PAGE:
Nearly everyone with working ears will experience hearing loss at some point in their lives. Hearing loss is especially common in older folks over the age of 65. So you’d think that such a common medical problem would naturally be a part of your Medicare benefits; sadly, though, hearing aids are rarely covered by Medicare.
If you think you might be hard of hearing and you’re eager to fix the problem, keep reading. We can help you find options for getting the most affordable coverage when it comes to hearing aids.
Does Medicare Pay For Hearing Aids?
The out-of-pocket costs you may pay for hearing aids will vary by individual, state, zip code, and specific needs. But there are some costs you can anticipate and budget for if you are struggling to hear what people are saying.
For the best possible care, your primary care doctor will likely recommend you to an audiologist. They will run a series of tests in order to find out whether or not you’re actually hard of hearing and how severe the problem is. Naturally, going to a specialist is going to be more expensive — as is the technology of the hearing aid you end up purchasing.
The more advanced the tech, the more expensive it is. Sometimes, these costs can range upwards of $3,000 to $4,000 or more. That’s why it’s important to find some way of getting coverage for your hearing health, especially if you’re on a tight budget post-retirement.
Medicare Coverage for Cochlear Implants
Depending on your medical need, there may be one exception: cochlear implants. If your hearing loss is so severe that you require a surgical cochlear implant, this will likely be covered by Medicare Part B.
It’s also highly likely a Medicare Advantage plan will be cover it if you have one. But cochlear implants aren’t always approved, no matter what version of Medicare you have. So it’s important to be proactive and talk to your doctor about what Medicare will cover and what your out-of-pocket costs may be.
Original Medicare Coverage for Hearing Aids
The good news is that Medicare Part B covers “diagnostic hearing and balance exams” with only a 20% cost-share responsibility on your end. Beyond that, however, if you are relying upon Original Medicare to help you cover your hearing needs, the following expenses will be your responsibility out-of-pocket:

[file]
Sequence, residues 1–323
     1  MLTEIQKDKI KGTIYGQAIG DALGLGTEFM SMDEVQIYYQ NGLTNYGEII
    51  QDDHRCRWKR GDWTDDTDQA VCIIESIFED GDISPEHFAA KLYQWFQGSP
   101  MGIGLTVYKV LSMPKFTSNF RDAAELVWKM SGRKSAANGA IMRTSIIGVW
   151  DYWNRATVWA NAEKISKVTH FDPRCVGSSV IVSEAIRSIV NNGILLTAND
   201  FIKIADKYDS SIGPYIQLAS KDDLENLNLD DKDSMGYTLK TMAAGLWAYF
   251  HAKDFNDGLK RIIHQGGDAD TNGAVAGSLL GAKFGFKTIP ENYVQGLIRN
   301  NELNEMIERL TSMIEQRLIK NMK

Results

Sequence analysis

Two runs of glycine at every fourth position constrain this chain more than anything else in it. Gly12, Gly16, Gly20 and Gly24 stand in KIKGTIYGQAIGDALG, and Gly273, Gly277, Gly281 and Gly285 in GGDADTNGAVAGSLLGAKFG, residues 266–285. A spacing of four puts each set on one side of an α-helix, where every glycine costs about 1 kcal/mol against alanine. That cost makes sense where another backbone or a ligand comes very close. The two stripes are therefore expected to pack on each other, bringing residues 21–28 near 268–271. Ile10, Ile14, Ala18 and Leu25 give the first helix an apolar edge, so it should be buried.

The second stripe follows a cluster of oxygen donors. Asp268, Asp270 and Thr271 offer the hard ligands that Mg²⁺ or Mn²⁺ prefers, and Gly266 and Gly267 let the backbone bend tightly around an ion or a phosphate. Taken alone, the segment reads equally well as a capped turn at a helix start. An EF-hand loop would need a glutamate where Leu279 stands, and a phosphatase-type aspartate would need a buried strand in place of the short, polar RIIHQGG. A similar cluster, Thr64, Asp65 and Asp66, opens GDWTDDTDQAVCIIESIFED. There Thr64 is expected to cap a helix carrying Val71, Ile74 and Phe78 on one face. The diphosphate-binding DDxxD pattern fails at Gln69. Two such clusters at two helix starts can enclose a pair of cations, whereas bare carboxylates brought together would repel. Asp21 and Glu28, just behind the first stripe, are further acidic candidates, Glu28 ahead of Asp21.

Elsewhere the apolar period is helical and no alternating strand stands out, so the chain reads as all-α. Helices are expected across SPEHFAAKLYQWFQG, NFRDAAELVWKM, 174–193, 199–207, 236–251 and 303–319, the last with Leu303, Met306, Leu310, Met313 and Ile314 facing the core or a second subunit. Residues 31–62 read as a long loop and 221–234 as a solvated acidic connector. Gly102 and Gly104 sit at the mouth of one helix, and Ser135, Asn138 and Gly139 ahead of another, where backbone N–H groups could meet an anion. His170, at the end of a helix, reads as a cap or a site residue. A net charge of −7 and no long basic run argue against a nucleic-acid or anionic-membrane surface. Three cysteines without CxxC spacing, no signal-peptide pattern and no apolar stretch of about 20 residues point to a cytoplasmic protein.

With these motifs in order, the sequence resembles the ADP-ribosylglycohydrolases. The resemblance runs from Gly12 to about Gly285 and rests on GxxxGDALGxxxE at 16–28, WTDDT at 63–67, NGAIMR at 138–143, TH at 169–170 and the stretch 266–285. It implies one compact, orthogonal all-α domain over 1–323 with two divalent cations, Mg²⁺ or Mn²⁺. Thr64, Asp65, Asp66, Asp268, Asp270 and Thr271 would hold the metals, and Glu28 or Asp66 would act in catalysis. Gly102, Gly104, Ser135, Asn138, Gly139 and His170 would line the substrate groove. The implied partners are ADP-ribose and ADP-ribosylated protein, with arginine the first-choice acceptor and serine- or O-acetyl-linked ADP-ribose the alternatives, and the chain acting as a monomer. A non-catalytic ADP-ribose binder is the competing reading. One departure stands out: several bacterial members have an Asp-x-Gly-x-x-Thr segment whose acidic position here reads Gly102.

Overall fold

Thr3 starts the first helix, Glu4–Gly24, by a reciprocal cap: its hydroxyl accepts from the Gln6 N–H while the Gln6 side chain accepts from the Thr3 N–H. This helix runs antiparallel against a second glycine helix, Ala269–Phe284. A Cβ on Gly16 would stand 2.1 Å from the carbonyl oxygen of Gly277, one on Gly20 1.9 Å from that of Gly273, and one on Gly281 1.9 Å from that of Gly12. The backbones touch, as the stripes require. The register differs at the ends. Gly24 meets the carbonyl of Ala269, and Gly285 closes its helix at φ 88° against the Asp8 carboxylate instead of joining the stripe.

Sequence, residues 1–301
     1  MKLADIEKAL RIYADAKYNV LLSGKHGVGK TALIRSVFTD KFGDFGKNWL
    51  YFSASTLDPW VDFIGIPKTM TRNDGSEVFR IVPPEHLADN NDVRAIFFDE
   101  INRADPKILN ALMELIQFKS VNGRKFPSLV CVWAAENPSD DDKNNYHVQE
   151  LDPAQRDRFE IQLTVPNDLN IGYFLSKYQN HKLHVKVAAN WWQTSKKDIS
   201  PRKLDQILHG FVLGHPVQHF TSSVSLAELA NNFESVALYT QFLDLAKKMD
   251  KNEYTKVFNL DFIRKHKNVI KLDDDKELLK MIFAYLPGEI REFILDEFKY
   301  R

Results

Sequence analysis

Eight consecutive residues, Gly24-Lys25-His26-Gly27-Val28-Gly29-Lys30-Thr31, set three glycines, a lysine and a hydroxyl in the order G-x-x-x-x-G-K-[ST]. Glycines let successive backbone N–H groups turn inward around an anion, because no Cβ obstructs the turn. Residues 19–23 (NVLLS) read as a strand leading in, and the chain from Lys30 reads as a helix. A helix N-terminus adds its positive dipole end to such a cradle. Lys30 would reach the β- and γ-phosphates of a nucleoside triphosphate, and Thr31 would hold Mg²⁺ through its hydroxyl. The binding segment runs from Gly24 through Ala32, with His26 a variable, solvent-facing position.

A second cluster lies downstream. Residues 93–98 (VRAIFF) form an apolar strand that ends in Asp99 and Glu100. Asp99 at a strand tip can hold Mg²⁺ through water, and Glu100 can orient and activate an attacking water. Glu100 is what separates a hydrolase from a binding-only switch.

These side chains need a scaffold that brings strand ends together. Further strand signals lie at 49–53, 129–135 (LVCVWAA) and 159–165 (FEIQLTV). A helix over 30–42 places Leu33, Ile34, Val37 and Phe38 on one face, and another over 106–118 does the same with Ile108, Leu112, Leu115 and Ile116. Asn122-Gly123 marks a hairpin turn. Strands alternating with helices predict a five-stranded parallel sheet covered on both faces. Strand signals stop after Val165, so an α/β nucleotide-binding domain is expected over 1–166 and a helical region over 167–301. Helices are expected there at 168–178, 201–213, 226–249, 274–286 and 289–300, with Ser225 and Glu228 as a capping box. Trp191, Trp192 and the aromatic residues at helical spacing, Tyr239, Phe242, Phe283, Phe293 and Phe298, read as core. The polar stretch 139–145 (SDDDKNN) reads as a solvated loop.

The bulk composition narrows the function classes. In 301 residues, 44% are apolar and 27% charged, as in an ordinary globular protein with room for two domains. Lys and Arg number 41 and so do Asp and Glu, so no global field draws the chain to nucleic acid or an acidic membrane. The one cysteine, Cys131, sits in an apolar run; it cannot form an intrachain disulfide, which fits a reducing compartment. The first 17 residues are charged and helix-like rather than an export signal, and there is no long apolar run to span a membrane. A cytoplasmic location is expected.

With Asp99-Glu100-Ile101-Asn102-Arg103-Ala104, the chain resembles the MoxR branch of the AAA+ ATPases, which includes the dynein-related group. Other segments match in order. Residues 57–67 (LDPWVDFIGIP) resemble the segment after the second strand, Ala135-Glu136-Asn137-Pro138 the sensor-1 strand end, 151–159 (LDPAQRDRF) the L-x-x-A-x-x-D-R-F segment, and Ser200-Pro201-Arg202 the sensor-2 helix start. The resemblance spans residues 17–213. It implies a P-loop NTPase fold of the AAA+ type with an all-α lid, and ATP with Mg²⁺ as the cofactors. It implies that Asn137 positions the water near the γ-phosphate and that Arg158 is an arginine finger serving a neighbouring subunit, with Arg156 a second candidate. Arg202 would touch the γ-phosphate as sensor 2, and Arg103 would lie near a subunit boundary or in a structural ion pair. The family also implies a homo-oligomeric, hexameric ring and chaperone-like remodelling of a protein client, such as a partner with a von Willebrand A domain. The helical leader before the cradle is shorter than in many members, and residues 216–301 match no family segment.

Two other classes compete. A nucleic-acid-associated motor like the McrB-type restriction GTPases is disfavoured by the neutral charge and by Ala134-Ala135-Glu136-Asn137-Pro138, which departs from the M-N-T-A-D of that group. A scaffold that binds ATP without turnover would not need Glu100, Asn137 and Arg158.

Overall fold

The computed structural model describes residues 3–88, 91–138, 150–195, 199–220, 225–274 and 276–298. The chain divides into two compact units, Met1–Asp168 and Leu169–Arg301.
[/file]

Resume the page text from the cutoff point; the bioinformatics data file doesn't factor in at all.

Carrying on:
- Hearing aids
- Hearing aid fittings
The reason why Medicare doesn’t cover these services is that in the past, hearing aids and diagnostic testing were highly affordable for those who needed them. Since their relatively low expense wasn’t an undue burden for retirees, legislators didn’t see the point in adding them to Medicare’s list of benefits.
This lack of coverage also bleeds over into Medigap plans because of how closely they are regulated by the same rules which Original Medicare follows.
Unfortunately, not only are medical costs rising across the board — especially with regard to hearing aids and hearing care — but more people than ever are finding themselves suffering from hearing loss as they get older.
Medicare Advantage Coverage for Hearing Aids
Beneficiaries who sign up for a Medicare Advantage plan in lieu of Original Medicare will likely have more options when it comes to hearing aid coverage. By law, Medicare Advantage plans have to offer you the exact same benefits as Medicare Parts A and B. There’s no getting around that.
But private companies — who want as much business as possible — sell Medicare Advantage plans. So in order to sweeten the deal and convince more benefit recipients to switch over from Original Medicare to a Medicare Advantage policy, they usually offer coverage options that Medicare — even when coupled with a supplemental insurance plan like Medigap — doesn’t offer.
Some of those coverage options include medical benefits for hearing loss. In exchange for a small co-pay or cost-share fee, your Medicare Advantage provider may be willing to help you cover the costs of diagnosing your hearing loss and getting you fitted for a hearing aid device.
Just keep in mind that if you switch to Medicare Advantage and you choose to add this type of coverage to your plan, your monthly premiums and other costs may go up. That’s the trade-off that you must accept if you are going to go this route.
Can you claim audiology on Medicare?
The answer under normal circumstances is no. But if a doctor or neurologist refers you to have this test done, Medicare will cover it.
Can you buy just one hearing aid?
Technically you can, but it’s not a recommended course of action. Even if your hearing is worse in one ear than the other, one hearing aid can’t do the job that two can.
Does Medicare Cover Hearing Aids at Cosco?
Costco has Hearing Aid Centers in a large number of its popular warehouses across the country. But since Medicare doesn’t usually cover hearing aids, they generally won’t at this retailer. However, Costco has affordable options, so it’s a good place to shop for these devices.
Getting Supplemental Medicare To Cover Hearing Aids
Hearing aids are essential for some and certainly not cheap. Since Medicare won’t cover them, getting a Medicare Supplemental plan (aka Medigap) can turn a small monthly paid premium into benefits for your hearing and much more.
For all of the things that Medicare doesn’t provide for, you can talk to our licensed insurance agents about your best options to fill the gaps in your coverage. They are extremely knowledgeable and can help match you with a supplement plan that can completely protect your health.
Give us a call today to talk with our agents for free. Or if you’re more comfortable online, you can fill out our rate form to get the best rates for plans in your area.